PROFESSIONAL STANDARDS COMMISSION v. PETERSON et al.
The Professional Standards Commission (PSC) appeals a superior court's decision to reverse a PSC ruling that sanctioned two elementary school teachers. For the reasons that follow, we affirm.
The evidence shows that Ray and Sharon Peterson are elementary school teachers in Atkinson County, and their teenage daughter attends the county high school. The elementary school's assistant principal told the principal that she heard alcohol had been served to underage teenagers at a party at the Petersons' house, and that there were pictures “flying around” of teenagers holding beer cans at that party. The principal called the school superintendent and reported the hearsay, because Atkinson County is a small community and he did not want anyone to think he had covered up information about the party. The superintendent called the high school principal and directed him to investigate the matter. A board member asked the superintendent to also investigate what happened at another party in the summer of 2003 at the Petersons' house.
The high school principal interviewed 11 students, as instructed, and they confirmed that they had attended a party at the Petersons' house in October 2003 where underage teenagers were drinking. Nine students said that the Petersons did not know about the drinking and two students said they did. The principal confiscated the pictures, some of which showed teenagers holding beer cans, and delivered his notes to the superintendent. After conferring with members of the school board, the superintendent sent a report to the PSC, which found probable cause that the Petersons had violated the Code of Ethics for Educators and proposed a one-week suspension of their teaching certificates.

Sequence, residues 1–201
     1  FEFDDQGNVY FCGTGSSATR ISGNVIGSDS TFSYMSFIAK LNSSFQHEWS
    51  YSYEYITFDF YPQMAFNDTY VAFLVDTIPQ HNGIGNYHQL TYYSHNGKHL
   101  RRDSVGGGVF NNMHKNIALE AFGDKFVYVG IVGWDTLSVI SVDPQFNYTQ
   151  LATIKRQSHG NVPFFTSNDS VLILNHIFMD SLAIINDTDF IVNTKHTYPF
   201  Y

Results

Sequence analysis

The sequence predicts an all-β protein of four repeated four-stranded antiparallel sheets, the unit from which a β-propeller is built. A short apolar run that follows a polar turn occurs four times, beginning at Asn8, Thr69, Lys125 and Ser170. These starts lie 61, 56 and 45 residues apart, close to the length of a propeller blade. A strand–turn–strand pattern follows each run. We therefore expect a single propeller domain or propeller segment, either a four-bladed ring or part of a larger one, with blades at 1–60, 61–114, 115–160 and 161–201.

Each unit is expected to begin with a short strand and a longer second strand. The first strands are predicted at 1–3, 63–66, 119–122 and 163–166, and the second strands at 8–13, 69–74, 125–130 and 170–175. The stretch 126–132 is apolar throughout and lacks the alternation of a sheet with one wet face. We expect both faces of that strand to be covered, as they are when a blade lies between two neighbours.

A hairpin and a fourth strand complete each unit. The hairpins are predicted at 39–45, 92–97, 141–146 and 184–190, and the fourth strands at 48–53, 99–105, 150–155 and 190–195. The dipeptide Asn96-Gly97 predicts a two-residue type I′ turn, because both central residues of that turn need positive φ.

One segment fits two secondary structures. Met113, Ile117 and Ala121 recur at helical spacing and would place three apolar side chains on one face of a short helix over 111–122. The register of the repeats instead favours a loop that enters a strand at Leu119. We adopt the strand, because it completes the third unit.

The Petersons requested a hearing before an administrative law judge (ALJ), and the PSC filed its “Statement of Matters Asserted,” which laid out the charges against the teachers. The PSC claimed that the Petersons hosted two parties at which students were intoxicated, one in the summer of 2003 and the other in October 2003. The agency alleged that two male students began fighting at the summer party, that Ray Peterson had to intervene, and that one of the students was intoxicated and had to be driven home. Additionally, the PSC contended that about 50 students attended the October party, that many were drinking alcohol and were intoxicated, that “at least” one student became physically ill in the Petersons' house, and that students photographed each other inside the house holding alcoholic beverages. The Petersons denied the charges, and the ALJ held a hearing.
Eight students testified, as well as the Petersons, their daughter, the two principals, and the superintendent. The superintendent testified that he interviewed a young man who had attended the Petersons' summer party, who said that Ray Peterson broke up a fight between him and another attendee. The superintendent thought that Peterson conducted himself professionally. Peterson testified that the young man arrived intoxicated, that he broke up a fight, and that he sent the young man home “so his own parents could deal with him.”
Regarding the October party, five of the students and the Petersons' daughter testified that the teenagers were hiding the alcohol, which everyone agreed that the Petersons did not furnish, and three students testified that the alcohol was not concealed. The Petersons testified that they were in the house for all but about 45 minutes to an hour, when they left to pick up pizza for the party, and their daughter testified that the pictures of teenagers holding beer cans inside the house were taken then.
After reviewing the evidence presented, the ALJ found that the Petersons had not violated any ethical standards at the summer party, where an uninvited student who was already intoxicated came to the house, started a fight, and had to be physically restrained and taken home. The ALJ further found, however, that the teachers violated Standard 10 of the Code of Ethics for Educators at the October party. That standard provided that an educator should demonstrate conduct that follows generally recognized professional standards. Unethical conduct impairs the educator's “ability to function professionally in his or her employment positions or conduct that is detrimental to the health, welfare, discipline or morals of students,” including inadequate supervision, the ALJ held. In light of the testimony that 75 to 100 teenagers were present at this party, many of whom were drinking, the ALJ found that the Petersons were either inadequately supervising the party or were being untruthful when they denied knowing about the drinking, and recommended that the PSC's sanction be affirmed.